1 Thessalonians 5:16-18 says, “Rejoice always; pray without ceasing; in everything give thanks; for this is God’s will for you in Christ Jesus.”
Christians are commanded by God to give thanks in everything, every day. This is God’s will for our life. William Hendriksen, a faithful New Testament commentator, translates this command as “in all circumstances give thanks.” In other words, the Christian is called by God to give Him thanks in every circumstance.
But how can we do that? Many circumstances are not good in themselves: sickness, death, family trials, work problems, church splits, Christian persecution, etc. How can we give thanks to God while in such trials?
First, what does this mean?
The Apostle Paul practiced what he preached. While sitting in a Roman jail, under threat of death, he described his attitude of being thankful to God, even in trials. Philippians 4:6-13 says:
“Be anxious for nothing, but in everything by prayer and supplication with thanksgiving let your requests be made known to God. And the peace of God, which surpasses all comprehension, will guard your hearts and your minds in Christ Jesus. Not that I speak from want, for I have learned to be content in whatever circumstances I am. I know how to get along with humble means, and I also know how to live in prosperity; in any and every circumstance I have learned the secret of being filled and going hungry, both of having abundance and suffering need. I can do all things through Him who strengthens me.”
Paul does not call us to be thankful for the sin in the trial, either our own or others. He was in jail because of the sin of the Jews against him. He was not thankful that they sinned against God. However, He was thankful to God that He overrules every circumstance for good (Romans 8:28). Paul calls us to be thankfully content with God Himself and to give thanks to God in every trial He brings or permits to come our way. He trusted in God in every circumstance.
Whenever I read this passage, it convicts me of how easily thoughts of fear, discontent, grumbling, anger, and worry enter my mind, tempting me to sin against God in my words and attitudes in the difficult circumstances of life. How did Paul do it? Where did he find such faith, trust, peace, and contentment in life so that he could give thanks to God in every circumstance?
Second, how did Paul find the ability to trust God and give thanks in every circumstance?
First of all, Paul had a right view of the doctrine of sin.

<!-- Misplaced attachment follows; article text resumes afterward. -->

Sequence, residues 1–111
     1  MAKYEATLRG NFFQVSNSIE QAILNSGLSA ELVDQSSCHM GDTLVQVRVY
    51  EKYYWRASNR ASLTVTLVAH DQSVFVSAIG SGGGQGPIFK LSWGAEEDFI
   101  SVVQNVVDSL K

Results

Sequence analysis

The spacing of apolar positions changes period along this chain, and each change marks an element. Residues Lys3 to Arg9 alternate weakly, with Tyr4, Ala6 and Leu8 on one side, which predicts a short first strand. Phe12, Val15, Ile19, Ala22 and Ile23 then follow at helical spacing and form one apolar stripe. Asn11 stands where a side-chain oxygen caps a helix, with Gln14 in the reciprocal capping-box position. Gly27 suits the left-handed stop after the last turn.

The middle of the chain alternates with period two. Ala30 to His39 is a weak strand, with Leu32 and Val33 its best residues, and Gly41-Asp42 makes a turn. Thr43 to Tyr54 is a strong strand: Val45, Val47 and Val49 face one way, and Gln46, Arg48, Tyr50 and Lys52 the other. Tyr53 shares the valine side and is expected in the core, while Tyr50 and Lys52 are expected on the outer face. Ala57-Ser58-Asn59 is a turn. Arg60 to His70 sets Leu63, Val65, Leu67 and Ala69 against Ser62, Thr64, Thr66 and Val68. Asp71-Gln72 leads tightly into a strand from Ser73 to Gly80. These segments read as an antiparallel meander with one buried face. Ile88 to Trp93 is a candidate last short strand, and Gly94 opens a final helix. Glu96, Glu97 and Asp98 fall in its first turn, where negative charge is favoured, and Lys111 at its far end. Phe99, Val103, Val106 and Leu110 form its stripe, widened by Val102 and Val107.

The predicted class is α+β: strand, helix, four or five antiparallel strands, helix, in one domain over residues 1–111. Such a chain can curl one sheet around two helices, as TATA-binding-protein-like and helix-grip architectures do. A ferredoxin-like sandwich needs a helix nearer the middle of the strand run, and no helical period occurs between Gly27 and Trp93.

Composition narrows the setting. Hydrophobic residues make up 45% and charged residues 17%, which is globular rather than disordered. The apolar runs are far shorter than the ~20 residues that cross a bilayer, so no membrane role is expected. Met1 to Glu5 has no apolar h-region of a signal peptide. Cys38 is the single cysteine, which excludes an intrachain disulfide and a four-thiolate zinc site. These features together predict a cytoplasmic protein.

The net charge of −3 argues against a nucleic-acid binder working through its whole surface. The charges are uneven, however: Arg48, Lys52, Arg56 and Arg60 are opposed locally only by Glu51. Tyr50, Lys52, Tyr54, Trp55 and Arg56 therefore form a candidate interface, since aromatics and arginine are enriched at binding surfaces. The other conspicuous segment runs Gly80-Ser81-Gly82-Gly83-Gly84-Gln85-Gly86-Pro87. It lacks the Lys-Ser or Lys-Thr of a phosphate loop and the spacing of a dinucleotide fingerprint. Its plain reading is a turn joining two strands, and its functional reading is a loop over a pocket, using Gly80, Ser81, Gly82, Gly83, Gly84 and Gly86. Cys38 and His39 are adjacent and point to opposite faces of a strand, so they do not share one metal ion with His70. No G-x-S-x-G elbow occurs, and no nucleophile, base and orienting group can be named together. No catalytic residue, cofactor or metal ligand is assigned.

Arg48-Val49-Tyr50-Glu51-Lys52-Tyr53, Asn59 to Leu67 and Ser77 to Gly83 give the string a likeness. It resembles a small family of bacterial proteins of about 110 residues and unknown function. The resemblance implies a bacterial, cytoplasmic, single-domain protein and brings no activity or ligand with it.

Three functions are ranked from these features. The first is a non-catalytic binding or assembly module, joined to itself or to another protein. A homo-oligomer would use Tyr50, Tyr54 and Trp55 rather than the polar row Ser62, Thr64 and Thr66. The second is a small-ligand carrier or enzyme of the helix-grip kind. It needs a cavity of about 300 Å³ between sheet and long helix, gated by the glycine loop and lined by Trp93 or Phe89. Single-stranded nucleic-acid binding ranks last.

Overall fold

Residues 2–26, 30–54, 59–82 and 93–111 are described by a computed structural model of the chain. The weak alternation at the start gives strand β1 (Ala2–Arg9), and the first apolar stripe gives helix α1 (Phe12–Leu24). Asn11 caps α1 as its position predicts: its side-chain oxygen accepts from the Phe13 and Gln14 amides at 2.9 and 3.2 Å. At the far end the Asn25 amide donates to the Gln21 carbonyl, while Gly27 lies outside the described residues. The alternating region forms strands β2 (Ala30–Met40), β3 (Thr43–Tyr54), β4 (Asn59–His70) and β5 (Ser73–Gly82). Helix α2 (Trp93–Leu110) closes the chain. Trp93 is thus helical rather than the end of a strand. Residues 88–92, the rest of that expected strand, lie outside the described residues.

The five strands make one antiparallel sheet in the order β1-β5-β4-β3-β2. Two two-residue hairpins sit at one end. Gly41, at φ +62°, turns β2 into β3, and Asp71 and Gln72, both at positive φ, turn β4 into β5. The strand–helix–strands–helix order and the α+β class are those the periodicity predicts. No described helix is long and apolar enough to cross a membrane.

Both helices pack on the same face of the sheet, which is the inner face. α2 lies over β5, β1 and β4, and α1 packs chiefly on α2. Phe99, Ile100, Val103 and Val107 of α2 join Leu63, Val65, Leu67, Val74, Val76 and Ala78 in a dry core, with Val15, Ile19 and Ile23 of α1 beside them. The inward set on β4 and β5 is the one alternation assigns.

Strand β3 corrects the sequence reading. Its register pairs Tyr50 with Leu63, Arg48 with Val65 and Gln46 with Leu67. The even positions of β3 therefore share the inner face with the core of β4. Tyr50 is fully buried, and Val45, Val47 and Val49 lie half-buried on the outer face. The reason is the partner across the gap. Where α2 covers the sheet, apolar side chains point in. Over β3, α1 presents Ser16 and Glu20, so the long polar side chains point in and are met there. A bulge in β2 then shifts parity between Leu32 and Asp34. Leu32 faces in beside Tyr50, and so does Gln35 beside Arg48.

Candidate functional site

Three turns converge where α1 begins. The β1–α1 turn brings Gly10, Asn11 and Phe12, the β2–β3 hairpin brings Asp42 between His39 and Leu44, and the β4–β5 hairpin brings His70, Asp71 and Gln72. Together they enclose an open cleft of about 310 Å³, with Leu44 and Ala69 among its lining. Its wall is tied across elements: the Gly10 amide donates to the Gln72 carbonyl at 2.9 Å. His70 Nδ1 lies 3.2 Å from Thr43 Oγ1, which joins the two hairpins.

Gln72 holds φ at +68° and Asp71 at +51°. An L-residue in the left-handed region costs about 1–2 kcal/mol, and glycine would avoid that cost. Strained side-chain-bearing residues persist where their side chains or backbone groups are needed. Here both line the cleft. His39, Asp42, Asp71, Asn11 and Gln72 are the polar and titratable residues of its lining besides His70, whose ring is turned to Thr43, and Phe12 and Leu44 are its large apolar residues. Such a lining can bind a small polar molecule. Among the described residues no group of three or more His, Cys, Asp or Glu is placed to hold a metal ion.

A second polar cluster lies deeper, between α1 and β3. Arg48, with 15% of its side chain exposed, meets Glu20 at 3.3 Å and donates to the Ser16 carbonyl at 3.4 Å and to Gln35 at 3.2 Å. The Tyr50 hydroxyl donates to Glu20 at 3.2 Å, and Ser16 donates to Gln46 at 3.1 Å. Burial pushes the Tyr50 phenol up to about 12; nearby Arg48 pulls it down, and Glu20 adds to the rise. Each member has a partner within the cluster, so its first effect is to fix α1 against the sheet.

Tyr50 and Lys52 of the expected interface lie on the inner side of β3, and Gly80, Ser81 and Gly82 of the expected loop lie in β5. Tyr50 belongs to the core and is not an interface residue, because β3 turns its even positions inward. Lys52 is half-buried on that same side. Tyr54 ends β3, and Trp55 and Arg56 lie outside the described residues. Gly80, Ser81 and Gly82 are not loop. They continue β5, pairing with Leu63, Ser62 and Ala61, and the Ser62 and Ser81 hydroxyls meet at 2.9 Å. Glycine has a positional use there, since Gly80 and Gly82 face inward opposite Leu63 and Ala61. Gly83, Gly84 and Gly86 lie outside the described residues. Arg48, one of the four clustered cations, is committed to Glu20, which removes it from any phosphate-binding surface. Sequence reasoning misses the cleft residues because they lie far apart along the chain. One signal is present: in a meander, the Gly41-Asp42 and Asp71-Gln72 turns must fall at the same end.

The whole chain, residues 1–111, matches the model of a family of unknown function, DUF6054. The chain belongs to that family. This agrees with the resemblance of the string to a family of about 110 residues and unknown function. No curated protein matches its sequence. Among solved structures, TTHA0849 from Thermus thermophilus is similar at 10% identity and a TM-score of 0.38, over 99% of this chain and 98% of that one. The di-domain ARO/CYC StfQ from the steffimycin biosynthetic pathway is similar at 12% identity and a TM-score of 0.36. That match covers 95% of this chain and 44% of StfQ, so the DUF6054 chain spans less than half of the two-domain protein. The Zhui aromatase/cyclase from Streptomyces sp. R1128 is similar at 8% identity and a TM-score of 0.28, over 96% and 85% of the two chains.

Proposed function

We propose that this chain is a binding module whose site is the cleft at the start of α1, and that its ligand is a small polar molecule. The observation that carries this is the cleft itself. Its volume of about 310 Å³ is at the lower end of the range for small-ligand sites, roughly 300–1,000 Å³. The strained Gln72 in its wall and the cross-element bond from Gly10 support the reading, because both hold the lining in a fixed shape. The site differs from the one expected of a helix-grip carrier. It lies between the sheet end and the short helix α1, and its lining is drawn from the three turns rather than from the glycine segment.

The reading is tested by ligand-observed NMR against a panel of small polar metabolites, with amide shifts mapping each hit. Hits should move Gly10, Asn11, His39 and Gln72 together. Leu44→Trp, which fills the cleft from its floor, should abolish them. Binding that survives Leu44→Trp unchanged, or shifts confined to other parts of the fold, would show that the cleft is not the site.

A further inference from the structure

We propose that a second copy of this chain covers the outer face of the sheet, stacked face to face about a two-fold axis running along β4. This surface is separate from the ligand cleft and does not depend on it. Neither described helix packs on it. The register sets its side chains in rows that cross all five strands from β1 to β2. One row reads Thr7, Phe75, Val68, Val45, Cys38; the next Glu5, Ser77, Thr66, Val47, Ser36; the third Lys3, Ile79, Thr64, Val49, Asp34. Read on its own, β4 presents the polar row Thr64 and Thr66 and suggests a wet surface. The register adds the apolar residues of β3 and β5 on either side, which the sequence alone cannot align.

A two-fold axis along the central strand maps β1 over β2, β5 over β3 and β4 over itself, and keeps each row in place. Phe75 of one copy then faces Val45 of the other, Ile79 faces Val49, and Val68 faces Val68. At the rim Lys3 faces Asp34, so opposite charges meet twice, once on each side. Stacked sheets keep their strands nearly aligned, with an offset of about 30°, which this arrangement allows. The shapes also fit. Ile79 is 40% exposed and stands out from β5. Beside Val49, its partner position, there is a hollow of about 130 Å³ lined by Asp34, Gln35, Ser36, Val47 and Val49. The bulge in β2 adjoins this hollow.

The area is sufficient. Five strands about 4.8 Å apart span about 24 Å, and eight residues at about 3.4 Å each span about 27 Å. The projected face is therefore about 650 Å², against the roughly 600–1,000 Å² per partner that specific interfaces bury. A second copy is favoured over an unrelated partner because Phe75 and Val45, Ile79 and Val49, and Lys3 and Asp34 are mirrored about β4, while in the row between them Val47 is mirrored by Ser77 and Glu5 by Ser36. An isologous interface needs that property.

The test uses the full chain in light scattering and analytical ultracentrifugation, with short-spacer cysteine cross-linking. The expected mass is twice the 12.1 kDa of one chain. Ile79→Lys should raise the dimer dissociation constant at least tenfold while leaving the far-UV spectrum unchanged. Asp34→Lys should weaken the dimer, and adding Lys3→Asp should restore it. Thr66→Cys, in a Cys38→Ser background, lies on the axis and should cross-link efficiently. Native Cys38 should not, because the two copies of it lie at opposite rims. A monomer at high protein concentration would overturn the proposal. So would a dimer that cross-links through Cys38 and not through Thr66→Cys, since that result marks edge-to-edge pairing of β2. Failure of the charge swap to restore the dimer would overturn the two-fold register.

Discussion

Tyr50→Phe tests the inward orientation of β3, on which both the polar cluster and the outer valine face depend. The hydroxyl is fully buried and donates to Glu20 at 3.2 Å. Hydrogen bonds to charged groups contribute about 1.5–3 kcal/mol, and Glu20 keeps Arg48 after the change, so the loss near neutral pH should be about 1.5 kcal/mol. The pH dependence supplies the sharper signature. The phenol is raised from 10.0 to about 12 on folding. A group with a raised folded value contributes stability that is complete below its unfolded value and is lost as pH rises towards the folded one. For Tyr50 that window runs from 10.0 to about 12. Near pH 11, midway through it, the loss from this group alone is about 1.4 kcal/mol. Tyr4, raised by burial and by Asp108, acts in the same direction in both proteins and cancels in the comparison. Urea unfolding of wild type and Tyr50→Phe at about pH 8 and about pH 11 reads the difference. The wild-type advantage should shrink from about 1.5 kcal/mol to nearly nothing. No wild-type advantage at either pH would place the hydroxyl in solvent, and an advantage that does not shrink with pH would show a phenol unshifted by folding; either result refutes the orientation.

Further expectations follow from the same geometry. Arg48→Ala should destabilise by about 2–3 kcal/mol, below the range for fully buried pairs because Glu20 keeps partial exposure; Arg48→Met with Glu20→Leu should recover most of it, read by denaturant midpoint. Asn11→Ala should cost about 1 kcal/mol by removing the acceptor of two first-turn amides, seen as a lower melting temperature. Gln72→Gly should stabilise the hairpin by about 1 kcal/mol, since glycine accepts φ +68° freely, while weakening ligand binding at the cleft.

Paul accepted that he deserved nothing good from God because of his past and present sins. He only deserved God’s wrath in hell. Jeremiah described his attitude toward the destruction of Jerusalem and his suffering as God’s prophet. Lamentations 3:37-39 says:
“Who is there who speaks and it comes to pass, Unless the Lord has commanded it? Is it not from the mouth of the Most High That both good and ill [catastrophe] go forth? Why should any living mortal, or any man, Offer complaint in view of his sins?”
The first step toward having a thankful spirit is to accept that you deserve nothing from God in view of your sins. This means not only our pre-Christian sins but our daily sins as an imperfect believer. The fact is that the best Christian still deserves nothing good in life from God in and of themselves.You cannot give thanks in all circumstances unless you accept that you deserve nothing from God. You have to believe in the doctrine of sin to give thanks.
Second of all, Paul had a right understanding of the doctrine of undeserved salvation (grace) in Jesus Christ.
Paul said that he had “learned” the secret of giving thanks while in every circumstance. To have a contented and thankful heart, you have to learn something. And what Paul learned is that to have Jesus Christ as His Savior from sin and Lord of his life circumstances was all he needed to live with thanksgiving: “I can do all things through Christ who strengthens me.” He was thankful for his eternal salvation and that Jesus Christ ruled over his life. So, he prayed with thanksgiving.
Again, Jeremiah explained what he thought about every morning; even on those days when he was hated by all, thrown into a well, and saw the destruction of Jerusalem and the Temple. Lamentations 3:21-25 says:
“This I recall to my mind, Therefore I have hope. The LORD’S lovingkindnesses indeed never cease, For His compassions never fail. They are new every morning; Great is Your faithfulness. “The LORD is my portion,” says my soul, “Therefore I have hope in Him.” The LORD is good to those who wait for Him, To the person who seeks Him.”
Paul was enabled to have an attitude of thanksgiving in jail, because he had found something in life that made his circumstances secondary in this life. He had found the love, presence, and salvation of Jesus Christ to be so wonderful and satisfying that no circumstance could take away his attitude of thanksgiving to God. This is how he overcame worry, fear, anger, discontent. So he wrote: “in every circumstance give thanks.”
Third, you have to actually give thanks in every circumstance to have the peace of God. God commanded us to give thanks in every circumstance to force us to live by faith, not by sight.
And the odd thing is, when we obey Him and give thanks to God while in every circumstance, the peace of God which passes understanding guards our hearts and minds in Christ Jesus.
All of God’s commands are good and for our benefit. How kind He is to command us to remember His grace in Jesus Christ as the greatest circumstance of our lives and to give thanks. So, let us make every day Thanksgiving Day!